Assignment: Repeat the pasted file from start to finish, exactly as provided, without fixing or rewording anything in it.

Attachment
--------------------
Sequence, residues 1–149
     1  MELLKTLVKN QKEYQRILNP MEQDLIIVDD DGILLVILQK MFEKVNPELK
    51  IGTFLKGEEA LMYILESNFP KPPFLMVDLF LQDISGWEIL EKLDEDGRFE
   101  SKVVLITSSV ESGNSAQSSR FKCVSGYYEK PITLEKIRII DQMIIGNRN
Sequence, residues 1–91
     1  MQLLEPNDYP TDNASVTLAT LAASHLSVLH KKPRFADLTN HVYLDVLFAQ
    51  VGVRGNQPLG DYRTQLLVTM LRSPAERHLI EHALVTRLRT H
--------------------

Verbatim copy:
Sequence, residues 1–149
     1  MELLKTLVKN QKEYQRILNP MEQDLIIVDD DGILLVILQK MFEKVNPELK
    51  IGTFLKGEEA LMYILESNFP KPPFLMVDLF LQDISGWEIL EKLDEDGRFE
   101  SKVVLITSSV ESGNSAQSSR FKCVSGYYEK PITLEKIRII DQMIIGNRN
Sequence, residues 1–91
     1  MQLLEPNDYP TDNASVTLAT LAASHLSVLH KKPRFADLTN HVYLDVLFAQ
    51  VGVRGNQPLG DYRTQLLVTM LRSPAERHLI EHALVTRLRT H